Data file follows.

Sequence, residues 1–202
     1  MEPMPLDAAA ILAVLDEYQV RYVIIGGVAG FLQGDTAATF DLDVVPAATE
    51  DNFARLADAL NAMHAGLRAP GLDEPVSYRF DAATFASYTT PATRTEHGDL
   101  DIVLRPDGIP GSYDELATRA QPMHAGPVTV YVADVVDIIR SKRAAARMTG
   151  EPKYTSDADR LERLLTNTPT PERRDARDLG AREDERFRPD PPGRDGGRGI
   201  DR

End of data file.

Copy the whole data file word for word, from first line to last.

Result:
Sequence, residues 1–202
     1  MEPMPLDAAA ILAVLDEYQV RYVIIGGVAG FLQGDTAATF DLDVVPAATE
    51  DNFARLADAL NAMHAGLRAP GLDEPVSYRF DAATFASYTT PATRTEHGDL
   101  DIVLRPDGIP GSYDELATRA QPMHAGPVTV YVADVVDIIR SKRAAARMTG
   151  EPKYTSDADR LERLLTNTPT PERRDARDLG AREDERFRPD PPGRDGGRGI
   201  DR